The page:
"Body farms are springing up all over..."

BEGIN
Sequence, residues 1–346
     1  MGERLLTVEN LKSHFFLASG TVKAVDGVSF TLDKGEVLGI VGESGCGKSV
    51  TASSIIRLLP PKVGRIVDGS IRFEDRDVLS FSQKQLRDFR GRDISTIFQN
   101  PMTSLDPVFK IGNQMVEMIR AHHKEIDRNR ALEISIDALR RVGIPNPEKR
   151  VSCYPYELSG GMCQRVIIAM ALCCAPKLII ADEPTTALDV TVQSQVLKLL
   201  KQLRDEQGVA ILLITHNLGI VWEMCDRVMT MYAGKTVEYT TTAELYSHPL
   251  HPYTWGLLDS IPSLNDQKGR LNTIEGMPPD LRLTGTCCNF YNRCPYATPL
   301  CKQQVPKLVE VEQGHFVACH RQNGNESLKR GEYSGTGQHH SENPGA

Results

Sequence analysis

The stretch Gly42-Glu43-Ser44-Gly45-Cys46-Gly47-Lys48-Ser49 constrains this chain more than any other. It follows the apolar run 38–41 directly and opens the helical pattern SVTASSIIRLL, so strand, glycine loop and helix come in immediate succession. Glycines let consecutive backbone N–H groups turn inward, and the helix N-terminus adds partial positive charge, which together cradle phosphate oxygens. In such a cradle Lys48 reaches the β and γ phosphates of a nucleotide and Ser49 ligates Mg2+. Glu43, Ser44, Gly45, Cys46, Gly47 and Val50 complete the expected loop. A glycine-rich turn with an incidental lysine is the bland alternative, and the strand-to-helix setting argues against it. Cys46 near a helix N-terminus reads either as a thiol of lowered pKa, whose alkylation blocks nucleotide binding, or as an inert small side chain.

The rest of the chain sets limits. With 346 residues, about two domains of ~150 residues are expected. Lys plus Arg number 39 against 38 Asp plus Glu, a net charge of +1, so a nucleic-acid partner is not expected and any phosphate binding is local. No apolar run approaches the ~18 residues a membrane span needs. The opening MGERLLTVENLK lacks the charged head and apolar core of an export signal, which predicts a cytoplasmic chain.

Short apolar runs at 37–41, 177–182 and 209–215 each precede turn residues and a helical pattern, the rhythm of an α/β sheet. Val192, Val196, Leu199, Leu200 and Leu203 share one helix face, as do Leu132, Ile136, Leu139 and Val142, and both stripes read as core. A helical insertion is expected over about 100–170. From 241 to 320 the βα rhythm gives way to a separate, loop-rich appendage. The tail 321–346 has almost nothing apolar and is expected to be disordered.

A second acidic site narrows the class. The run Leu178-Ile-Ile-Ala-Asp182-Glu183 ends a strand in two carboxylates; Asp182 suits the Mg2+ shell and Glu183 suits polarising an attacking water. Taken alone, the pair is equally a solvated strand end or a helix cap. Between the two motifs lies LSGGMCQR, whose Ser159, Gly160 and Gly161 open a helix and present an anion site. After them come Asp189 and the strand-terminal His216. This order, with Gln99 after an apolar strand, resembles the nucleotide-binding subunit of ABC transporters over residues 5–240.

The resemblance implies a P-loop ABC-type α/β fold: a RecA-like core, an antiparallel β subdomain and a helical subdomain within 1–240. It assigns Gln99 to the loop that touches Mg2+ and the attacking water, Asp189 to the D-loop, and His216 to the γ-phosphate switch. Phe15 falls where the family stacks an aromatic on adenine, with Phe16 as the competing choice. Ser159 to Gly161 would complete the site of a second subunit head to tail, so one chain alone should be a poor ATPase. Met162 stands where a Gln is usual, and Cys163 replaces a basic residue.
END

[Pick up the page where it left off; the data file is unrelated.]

It appears that Texas residents a href="http://www.time.com/time/health/article/0,8599,1623538,00.html"are upset about the prospect of a body farm /apopping up in their backyards (Hat tip: Michael W.):br /br /blockquoteThe CSI TV shows are among the most watched in the world. But forensic science is hitting a little close to home for some Texas property owners, who oppose plans for a nearby "body farm," where decomposing bodies will be studied in the wild. br /br /In this real-life episode of emCSI/em: Nimby— not in my backyard — residents of a rural area near the San Marcos Airport, 30 miles south of Austin, have objected to plans by Texas State University to build a 17-acre body farm nearby. With three acres designated for research and surrounded by a wide fenced boundary, plus cages over the exposed bodies, university officials assured residents there would no problems....br /br /The first facility at the University of Tennessee Forensic Anthropology Facility, was opened on a three-acre site in Knoxville in 1971 by noted anthropologist William Bass. Prolific crime writer Patricia Cornwell popularly dubbed it a "body farm" in her novel of the same name. Bass himself has co-written a series of best-selling novels set on the farm; the first, a href="http://www.amazon.com/gp/product/0060759828?ie=UTF8tag=wwwviolentkicomlinkCode=as2camp=1789creative=9325creativeASIN=0060759828"emCarved in Bone/em,/aimg src="http://www.assoc-amazon.com/e/ir?t=wwwviolentkicoml=as2o=1a=0060759828" width="1" height="1" border="0" alt="" style="border:none !important; margin:0px !important;" / was described as "southern-fried forensics" by Kirkus Reviews....br /br /Jason Byrd, a well-known forensic entomologist, says that body farms are becoming more important as stranger-on-stranger crime is on the increase. In cases where the victim is related to the murderer by family, financial or social bonds, police often use these connections to help solve cases. "Now there are more random acts of violence and we have less and less avenues to turn to," says Byrd. Body farms cannot be set up to mimic every kind of environment, of course, but already they have given southern criminologists vital research — for example, bodies decompose in Florida in three days, compared with 30 days in the mountains of Tennessee. /blockquotebr /br /I find it troubling that body farms are "springing up all over" as a result of stranger-on-stranger crime becoming more prevalent. "Current statistics show that a href="http://www.emergency.com/chgomrdr.htm"only 45 percent of murder victims actually knew /atheir killers. During the 1960's, 71 percent of murder victims knew who their killers were." Perhaps this increase in stranger killings is why people feel more fearful of being the victim of a random violent act now more than ever before and why shows like emCSI/em are so popular. It is harder to find an unknown killer and advanced forensics can make the difference in whether or not the killer is caught. So CSI may act as a therapeutic measure for some people albeit a false one since many times, CSI has advanced techniques that the police and experts are not equipped to carry out. br /br /We recently interviewed Bill Bass--the forensic anthropologist for a a href="http://drhelen.blogspot.com/2007/01/podcast-on-forensic-science.html"podcast that you can check out here /aif you want to know more about forensic anthropology and the work being done at the Body Farm.
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